This tutorial will show you how to set up and interpret a Deming regression to compare methods in Excel using the XLSTAT statistical software.
Method comparison with the Deming regression
When developing a new method to measure the concentration or the quantity of an element (molecule, micro organism, …) you might want to check whether it gives results that are similar to a reference or comparative method or not.
Deming (1943) developed a regression method, that allows comparing two measurement methods (for example, two techniques for measuring concentration of an analyte), which supposes that measurement error are present in both X and Y. It overcomes the assumptions of the classical linear regression that are inappropriate for this application. XLSTAT provides the Deming regression to evaluate the performance of a method compared to another.
XLSTAT includes both simple and weighted Deming regression. Weighted Deming regression suppose that errors are proportionnal and simple Deming regression suppose that errors are constant.
Dataset for method comparison with the Deming regression
An Excel sheet with both the data and results used in this tutorial can be downloaded by clicking here.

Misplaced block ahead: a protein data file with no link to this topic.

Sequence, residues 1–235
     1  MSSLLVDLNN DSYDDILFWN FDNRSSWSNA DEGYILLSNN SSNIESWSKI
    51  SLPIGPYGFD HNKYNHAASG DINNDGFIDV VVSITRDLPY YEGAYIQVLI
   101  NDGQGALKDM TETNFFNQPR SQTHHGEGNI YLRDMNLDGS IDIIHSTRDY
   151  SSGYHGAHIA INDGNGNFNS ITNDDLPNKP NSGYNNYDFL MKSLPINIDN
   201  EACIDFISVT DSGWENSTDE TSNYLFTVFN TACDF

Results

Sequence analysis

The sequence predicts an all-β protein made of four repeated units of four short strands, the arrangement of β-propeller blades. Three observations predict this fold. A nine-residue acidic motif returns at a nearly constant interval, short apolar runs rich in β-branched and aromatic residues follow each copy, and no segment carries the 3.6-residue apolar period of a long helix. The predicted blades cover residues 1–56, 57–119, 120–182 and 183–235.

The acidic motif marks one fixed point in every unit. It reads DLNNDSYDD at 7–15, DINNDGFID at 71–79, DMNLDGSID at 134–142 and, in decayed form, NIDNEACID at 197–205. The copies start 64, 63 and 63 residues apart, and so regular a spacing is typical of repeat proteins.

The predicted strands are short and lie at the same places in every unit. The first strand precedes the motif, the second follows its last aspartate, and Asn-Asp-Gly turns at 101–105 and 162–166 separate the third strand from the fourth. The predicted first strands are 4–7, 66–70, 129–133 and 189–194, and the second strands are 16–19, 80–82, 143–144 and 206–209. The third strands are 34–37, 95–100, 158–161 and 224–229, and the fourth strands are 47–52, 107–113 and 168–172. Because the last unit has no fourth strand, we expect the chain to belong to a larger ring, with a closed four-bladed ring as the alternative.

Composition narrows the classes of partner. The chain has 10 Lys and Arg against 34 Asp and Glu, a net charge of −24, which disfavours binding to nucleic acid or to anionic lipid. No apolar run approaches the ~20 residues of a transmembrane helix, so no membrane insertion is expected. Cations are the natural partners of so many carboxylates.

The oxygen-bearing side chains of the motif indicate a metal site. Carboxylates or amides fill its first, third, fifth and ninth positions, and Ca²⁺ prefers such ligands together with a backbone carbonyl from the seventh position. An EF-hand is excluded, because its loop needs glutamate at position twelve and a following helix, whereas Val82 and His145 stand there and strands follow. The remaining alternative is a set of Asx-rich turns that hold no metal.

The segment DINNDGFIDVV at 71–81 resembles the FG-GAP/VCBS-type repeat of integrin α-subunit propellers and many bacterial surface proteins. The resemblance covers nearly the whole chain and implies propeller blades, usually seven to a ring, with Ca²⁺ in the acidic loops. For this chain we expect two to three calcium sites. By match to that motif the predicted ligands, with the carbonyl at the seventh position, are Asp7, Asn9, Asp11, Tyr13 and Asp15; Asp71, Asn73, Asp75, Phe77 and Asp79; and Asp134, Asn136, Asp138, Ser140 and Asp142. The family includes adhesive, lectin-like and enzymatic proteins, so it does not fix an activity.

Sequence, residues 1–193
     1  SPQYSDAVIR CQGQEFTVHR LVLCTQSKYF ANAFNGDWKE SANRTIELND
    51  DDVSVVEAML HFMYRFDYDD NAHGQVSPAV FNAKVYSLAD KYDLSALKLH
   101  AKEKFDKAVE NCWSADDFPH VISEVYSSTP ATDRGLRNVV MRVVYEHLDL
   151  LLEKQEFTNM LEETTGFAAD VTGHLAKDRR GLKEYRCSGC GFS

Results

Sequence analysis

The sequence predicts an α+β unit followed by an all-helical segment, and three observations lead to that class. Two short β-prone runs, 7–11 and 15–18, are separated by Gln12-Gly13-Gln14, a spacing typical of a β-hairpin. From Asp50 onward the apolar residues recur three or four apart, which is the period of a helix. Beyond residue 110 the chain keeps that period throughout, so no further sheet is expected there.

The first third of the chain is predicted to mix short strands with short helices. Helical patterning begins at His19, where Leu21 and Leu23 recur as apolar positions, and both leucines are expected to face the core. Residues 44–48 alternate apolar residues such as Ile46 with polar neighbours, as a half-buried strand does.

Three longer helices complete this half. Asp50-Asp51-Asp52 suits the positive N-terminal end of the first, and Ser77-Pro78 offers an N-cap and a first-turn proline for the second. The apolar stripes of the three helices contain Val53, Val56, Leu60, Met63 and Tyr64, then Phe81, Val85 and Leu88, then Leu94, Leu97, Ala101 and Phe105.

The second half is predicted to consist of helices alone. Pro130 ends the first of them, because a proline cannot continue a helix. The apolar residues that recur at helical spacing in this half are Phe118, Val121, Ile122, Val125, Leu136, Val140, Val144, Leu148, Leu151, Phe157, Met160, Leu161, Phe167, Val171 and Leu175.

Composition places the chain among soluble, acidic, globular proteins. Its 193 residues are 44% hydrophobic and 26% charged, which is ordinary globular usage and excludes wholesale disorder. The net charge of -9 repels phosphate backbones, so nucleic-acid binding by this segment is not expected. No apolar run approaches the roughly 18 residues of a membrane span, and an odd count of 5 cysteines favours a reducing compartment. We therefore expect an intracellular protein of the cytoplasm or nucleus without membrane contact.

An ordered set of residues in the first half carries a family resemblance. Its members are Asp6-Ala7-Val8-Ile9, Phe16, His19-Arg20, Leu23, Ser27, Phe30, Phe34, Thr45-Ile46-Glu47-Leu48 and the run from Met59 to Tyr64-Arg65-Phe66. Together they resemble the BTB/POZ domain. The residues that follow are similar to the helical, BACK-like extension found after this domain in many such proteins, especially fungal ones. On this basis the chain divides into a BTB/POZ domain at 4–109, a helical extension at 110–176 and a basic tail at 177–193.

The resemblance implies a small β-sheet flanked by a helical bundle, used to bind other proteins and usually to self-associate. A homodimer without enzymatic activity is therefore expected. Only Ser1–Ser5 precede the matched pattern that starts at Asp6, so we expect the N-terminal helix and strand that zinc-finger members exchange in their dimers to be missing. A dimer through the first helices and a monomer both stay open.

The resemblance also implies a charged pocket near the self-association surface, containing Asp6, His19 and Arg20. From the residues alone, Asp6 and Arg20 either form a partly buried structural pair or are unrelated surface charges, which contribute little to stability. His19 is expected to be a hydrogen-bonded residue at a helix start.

The data correspond to a medical experiment during which the concentration of an antibody is measured for 8 mice submitted to 8 different doses of a new molecule being tested. For each mouse, a blood sample has been taken and divided into four homogeneous sub-samples. Two methods are being tested each on 2 of the 4 sub-samples. The first method is currently considered as the reference, but it is much more expensive than the second and new method.
Our goal is to check if it is possible to use the new method instead of the reference one.
Setting up a Deming regression
Once XLSTAT has been started, select the Method validation / Deming regression function, or click on the corresponding button of the Method validation toolbar (see below).
When you click on the button, a dialog box appears. Select the data that correspond to the first method, then to the second method.
When you click OK, computations are launched and results are displayed.
Interpreting the results of a Deming regression
The first table displays the descriptive statistics for the two methods. The new method has a larger mean but a larger variance as well.
Then, model coefficients are displayed.
The intercept value is -1.909 with a confidence interval including 0. We may thus say that the systematic difference between the two methods is not significantly different from 0.
The slope coefficient is equal to 1.21 with a confidence interval including 1. This means that the proportional difference between the two methods is equal to 1. If 1 is included in the confidence interval, then the hypothesis that the slope is equal to 1 is not rejected.
The confidence intervals are obtained using the jackknife method.
We can say that there are no systematic nor proportional differences between the two methods.
This is confirmed by the regression plot:
We can say that both methods are equivalent and that the new less expensive method can be used to replace the old one.